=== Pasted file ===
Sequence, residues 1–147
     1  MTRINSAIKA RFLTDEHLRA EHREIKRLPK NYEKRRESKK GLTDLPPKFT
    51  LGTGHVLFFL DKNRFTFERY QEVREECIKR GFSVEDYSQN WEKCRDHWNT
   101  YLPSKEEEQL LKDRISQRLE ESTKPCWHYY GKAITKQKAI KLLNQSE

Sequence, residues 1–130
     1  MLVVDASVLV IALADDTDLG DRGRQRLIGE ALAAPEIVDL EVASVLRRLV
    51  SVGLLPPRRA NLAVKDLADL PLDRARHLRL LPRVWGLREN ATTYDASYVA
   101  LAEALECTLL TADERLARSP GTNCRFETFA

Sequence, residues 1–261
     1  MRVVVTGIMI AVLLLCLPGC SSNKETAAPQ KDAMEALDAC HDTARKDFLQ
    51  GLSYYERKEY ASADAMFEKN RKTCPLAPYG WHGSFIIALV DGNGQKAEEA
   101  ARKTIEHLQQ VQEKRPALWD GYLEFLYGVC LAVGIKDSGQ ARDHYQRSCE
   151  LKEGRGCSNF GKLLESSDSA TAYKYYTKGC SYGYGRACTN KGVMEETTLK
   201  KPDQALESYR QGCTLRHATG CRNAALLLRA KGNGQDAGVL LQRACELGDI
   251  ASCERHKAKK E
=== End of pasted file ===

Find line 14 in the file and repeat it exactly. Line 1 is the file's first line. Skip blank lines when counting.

   201  KPDQALESYR QGCTLRHATG CRNAALLLRA KGNGQDAGVL LQRACELGDI